Energy Deficit and Wound Healing
Pressure injuries can initiate a hypermetabolic and catabolic state in the body. When this happens, the individual’s nutritional needs are drastically increased. To promote wound healing, both the energy and protein stores must be adequate in the body. Increased energy supports anabolism, whereas increased protein in the presence of sufficient energy stimulates protein synthesis to repair the catabolism taking place. The goal is to produce net anabolism and catabolism to promote wound healing. Comorbidities, such as protein-calorie malnutrition, promote a decrease in lean body mass or protein stores. Deficit in protein stores can halt the pressure injury healing process.4
We need to screen newly admitted patients to identify both those at risk for malnutrition and those already in a state of malnutrition. Patients with a history of energy deficit as part of their normal eating pattern will need timely interventions.
With obese patients, we need to look at their overall condition. Overnutrition can be a form of malnutrition. We often think it is acceptable for our obese patients to miss a meal or two. For these patients, we must also ensure that sufficient energy is provided to promote positive nitrogen balance for protein to be spared for tissue healing.
Nutritional Implications for Practice
For individuals identified at risk for developing pressure injuries or those with an actual pressure injury, the first priority should be to promote the intake of sufficient calories from a balanced diet of nutritious foods. A balanced meal pattern should include foods from all MyPlate food groups. Optimum amounts of protein, evenly distributed throughout the day, should be encouraged. This recommendation can be implemented by encouraging patients to consume 20 to 30 grams of protein per meal and 10 to 15 grams of protein at each snack.
1. National Pressure Ulcer Advisory Panel. NPUAP Pressure Injury Stages. 2016. http://www.npuap.org/resources/educational-and-clinical-resources/npuap-.... Accessed February 21, 2018.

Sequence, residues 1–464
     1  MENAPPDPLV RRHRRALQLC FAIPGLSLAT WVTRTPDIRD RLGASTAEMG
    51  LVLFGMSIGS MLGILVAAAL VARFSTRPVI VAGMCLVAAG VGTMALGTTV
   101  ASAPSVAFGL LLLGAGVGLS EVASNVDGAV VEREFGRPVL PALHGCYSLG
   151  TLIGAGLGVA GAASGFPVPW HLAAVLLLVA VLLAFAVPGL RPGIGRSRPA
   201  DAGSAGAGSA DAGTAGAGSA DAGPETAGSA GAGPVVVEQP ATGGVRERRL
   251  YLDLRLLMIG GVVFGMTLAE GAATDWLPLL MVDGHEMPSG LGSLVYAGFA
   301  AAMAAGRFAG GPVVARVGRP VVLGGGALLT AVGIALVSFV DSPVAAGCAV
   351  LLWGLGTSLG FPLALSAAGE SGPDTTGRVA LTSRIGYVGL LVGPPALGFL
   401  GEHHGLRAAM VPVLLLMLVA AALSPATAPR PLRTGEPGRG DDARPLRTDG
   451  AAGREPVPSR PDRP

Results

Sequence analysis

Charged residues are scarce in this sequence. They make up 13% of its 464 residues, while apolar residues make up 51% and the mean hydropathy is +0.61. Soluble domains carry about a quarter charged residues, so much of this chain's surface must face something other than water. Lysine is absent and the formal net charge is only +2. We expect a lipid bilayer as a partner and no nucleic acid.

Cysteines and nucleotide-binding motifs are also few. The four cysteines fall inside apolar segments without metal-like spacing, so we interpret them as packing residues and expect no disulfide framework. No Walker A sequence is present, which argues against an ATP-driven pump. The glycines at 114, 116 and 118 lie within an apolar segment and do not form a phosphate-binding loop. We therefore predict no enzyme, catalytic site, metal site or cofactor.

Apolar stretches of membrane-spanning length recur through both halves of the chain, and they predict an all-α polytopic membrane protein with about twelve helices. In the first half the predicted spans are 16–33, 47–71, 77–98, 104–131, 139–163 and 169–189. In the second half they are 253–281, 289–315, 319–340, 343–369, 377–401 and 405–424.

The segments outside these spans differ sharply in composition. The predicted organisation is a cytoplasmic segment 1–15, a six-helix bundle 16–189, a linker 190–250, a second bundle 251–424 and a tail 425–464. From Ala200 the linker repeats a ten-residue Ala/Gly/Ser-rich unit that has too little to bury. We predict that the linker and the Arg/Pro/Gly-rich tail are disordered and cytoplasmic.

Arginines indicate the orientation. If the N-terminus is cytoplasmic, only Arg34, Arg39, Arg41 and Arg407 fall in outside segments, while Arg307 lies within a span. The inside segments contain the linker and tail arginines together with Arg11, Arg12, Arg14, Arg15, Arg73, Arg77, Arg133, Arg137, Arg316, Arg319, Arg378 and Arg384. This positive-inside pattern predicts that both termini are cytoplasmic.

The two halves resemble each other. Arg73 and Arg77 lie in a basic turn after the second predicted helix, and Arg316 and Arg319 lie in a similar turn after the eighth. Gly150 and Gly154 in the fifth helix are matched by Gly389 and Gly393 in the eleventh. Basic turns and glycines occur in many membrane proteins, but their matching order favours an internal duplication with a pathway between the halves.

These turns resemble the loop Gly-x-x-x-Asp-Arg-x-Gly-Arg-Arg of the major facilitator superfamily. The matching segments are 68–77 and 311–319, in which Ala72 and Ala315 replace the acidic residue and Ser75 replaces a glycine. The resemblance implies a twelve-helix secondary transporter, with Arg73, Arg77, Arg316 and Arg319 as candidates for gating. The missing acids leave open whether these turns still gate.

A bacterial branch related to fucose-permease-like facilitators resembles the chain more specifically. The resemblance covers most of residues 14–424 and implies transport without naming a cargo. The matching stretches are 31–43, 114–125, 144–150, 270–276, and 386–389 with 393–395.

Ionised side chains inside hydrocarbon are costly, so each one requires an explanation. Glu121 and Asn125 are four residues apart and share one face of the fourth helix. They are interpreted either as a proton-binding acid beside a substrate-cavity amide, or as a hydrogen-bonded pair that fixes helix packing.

2. Breslow RA, Hallfrisch J, Guy DG, Crawley B, Goldberg AP. The importance of dietary protein in healing pressure ulcers. J Am Geriatr Soc. 1993;41(4):357–62.
3. Williams JZ, Barbul A. Nutrition and wound healing. Surgl Clin North Am. 2003;83(3):571–96.
4. Demling RH. Nutrition, anabolism, and the wound healing process: an overview. Eplasty. 2009;9:e9.
About the Author
Dr. Nancy Munoz is the Assistant Chief for Nutrition and Food Service for the Southern Nevada VA Healthcare System. Teaching healthcare practitioners the role of nutrition as a modifiable risk in the development of pressure ulcers is at the core of her practice. Dr. Munoz has authored and served as expert reviewer for books and manuscripts for numerous professional publications, and the Academy of Nutrition Evidence Analysis Library. She currently serves as the Professional Development Chair for the Dietetics in Healthcare Communities DPG, is a member of the Academy’s Positions Committe and the WoundSource editorial advisory board, and is the current Vice President for the National Pressure Ulcer Advisory Panel.
The views and opinions expressed in this blog are solely those of the author, and do not represent the views of WoundSource, Kestrel Health Information, Inc., its affiliates, or subsidiary companies.